Amides such as acetamide are much weaker bases than amines, such as ethylamine .
(a) Use resonance forms to show why the nonbonding electrons on the nitrogen atom of the amide are very weakly basic.
(b) Strong acid is required to protonate the amide. Predict where acetamide will undergo protonation, and use resonance forms to show why the site you have chosen is more basic. (Hint: To compare basicities, compare the stabilities of the conjugate acids.)
The structures of acetamide and ethyl amine are as follows:
The resonance structure of acetamide is as follows:
Here, the electron pair on N atom is not readily available to an acid for the protonation because the lone pairs involve in resonance stabilization.
Whereas, in ethyl amine there is no possibility for the resonance stabilization, so the lone pair of electrons on nitrogen atom are readily available for the protonation.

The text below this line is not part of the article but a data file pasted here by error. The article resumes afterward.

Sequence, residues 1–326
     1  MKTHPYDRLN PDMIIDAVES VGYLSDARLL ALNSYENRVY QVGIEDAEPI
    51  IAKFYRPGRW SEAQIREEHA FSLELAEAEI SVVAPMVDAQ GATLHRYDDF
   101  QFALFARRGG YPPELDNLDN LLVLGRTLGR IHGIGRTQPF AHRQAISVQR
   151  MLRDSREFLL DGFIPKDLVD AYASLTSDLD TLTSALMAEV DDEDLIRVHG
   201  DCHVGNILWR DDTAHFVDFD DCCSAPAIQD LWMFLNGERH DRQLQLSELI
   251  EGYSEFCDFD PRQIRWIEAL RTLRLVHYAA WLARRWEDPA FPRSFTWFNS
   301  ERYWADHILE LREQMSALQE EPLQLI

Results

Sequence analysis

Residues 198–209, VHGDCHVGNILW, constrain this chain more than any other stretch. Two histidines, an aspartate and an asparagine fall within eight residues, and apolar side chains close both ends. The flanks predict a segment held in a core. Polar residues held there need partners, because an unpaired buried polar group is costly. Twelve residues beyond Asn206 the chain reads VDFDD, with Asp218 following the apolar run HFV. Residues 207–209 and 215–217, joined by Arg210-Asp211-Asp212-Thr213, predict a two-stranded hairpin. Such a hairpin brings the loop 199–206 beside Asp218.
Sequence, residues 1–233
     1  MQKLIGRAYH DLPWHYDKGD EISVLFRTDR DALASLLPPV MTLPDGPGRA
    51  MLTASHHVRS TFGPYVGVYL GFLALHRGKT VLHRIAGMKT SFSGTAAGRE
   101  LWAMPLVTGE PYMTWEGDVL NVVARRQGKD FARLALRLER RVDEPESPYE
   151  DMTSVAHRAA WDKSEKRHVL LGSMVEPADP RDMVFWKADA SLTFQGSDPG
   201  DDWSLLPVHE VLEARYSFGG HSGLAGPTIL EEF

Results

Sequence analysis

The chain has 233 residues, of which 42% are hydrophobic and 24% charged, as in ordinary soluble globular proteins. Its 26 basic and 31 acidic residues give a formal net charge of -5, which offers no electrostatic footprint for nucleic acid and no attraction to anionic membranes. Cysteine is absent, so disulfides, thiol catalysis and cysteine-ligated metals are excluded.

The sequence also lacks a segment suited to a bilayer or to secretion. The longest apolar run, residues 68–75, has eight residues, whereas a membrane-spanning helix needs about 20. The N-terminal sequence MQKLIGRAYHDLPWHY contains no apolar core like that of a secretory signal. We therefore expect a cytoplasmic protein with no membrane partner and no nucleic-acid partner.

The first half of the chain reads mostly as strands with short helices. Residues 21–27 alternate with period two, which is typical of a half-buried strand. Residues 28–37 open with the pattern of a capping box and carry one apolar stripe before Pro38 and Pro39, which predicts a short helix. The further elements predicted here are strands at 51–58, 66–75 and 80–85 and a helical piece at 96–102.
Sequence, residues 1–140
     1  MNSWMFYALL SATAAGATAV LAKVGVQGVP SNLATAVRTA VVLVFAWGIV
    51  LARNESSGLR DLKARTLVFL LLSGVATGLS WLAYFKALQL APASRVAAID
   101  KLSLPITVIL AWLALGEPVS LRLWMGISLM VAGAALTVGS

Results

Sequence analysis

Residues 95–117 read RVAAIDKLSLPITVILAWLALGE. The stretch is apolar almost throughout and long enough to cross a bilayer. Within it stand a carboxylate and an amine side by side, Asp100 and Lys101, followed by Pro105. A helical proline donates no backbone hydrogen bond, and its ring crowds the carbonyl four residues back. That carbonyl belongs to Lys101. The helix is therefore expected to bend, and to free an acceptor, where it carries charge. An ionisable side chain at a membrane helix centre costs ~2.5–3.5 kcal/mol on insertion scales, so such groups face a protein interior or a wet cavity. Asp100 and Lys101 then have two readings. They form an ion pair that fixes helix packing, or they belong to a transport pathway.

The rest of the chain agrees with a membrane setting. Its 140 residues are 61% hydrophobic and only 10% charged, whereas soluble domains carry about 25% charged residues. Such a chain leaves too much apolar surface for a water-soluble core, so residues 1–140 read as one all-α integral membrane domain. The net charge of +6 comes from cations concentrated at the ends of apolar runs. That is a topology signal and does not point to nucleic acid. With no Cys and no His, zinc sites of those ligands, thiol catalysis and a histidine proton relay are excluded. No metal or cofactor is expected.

Therefore, the lone pair of electrons on the nitrogen atom in amide is weaker base.
There are two possibilities for the protonation of the amide: protonation on N and protonation on O.
The lone pair of electrons on nitrogen atom gets protonated and forms a protonated amide.
There is no possibility of resonance stabilization with this protonated amide. The reaction is as follows:
The lone pair of electrons on oxygen atom gets protonated and forms a resonance stabilized product. The reaction is as follows:
Therefore, protonation of amide on oxygen atom is more favorable than the protonation of nitrogen atom because of the resonance stabilization and makes the oxygen atom more basic than N atom.